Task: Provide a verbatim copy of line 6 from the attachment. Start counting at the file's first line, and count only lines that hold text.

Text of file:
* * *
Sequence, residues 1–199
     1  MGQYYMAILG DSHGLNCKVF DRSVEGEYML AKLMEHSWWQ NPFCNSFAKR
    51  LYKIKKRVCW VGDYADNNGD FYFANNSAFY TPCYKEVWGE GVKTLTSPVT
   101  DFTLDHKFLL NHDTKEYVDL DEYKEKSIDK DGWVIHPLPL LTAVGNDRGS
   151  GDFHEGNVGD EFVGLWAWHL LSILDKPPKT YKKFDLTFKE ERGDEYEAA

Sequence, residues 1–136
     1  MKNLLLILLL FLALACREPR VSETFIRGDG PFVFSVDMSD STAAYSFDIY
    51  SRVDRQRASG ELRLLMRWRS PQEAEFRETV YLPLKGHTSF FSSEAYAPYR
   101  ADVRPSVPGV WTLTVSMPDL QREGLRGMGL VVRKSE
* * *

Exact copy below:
Sequence, residues 1–136